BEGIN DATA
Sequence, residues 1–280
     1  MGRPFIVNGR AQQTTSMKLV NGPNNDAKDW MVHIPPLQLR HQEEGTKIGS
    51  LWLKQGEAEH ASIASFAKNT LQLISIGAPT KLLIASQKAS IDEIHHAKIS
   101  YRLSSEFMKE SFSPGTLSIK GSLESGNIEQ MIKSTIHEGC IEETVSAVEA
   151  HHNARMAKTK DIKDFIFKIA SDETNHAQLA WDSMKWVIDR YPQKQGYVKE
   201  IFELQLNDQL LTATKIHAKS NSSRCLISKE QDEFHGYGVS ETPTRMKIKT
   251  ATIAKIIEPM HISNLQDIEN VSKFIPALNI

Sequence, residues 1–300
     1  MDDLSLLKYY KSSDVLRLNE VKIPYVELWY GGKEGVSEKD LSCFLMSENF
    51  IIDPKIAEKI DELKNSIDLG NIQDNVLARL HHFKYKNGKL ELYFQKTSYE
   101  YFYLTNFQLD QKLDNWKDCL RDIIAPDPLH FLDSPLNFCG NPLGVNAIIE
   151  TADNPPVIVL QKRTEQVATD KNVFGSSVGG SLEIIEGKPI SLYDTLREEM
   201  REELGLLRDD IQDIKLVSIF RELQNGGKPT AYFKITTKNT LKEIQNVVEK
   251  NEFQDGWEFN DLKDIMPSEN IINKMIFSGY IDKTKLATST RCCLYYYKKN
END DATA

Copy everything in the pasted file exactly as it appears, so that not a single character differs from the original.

Sequence, residues 1–280
     1  MGRPFIVNGR AQQTTSMKLV NGPNNDAKDW MVHIPPLQLR HQEEGTKIGS
    51  LWLKQGEAEH ASIASFAKNT LQLISIGAPT KLLIASQKAS IDEIHHAKIS
   101  YRLSSEFMKE SFSPGTLSIK GSLESGNIEQ MIKSTIHEGC IEETVSAVEA
   151  HHNARMAKTK DIKDFIFKIA SDETNHAQLA WDSMKWVIDR YPQKQGYVKE
   201  IFELQLNDQL LTATKIHAKS NSSRCLISKE QDEFHGYGVS ETPTRMKIKT
   251  ATIAKIIEPM HISNLQDIEN VSKFIPALNI

Sequence, residues 1–300
     1  MDDLSLLKYY KSSDVLRLNE VKIPYVELWY GGKEGVSEKD LSCFLMSENF
    51  IIDPKIAEKI DELKNSIDLG NIQDNVLARL HHFKYKNGKL ELYFQKTSYE
   101  YFYLTNFQLD QKLDNWKDCL RDIIAPDPLH FLDSPLNFCG NPLGVNAIIE
   151  TADNPPVIVL QKRTEQVATD KNVFGSSVGG SLEIIEGKPI SLYDTLREEM
   201  REELGLLRDD IQDIKLVSIF RELQNGGKPT AYFKITTKNT LKEIQNVVEK
   251  NEFQDGWEFN DLKDIMPSEN IINKMIFSGY IDKTKLATST RCCLYYYKKN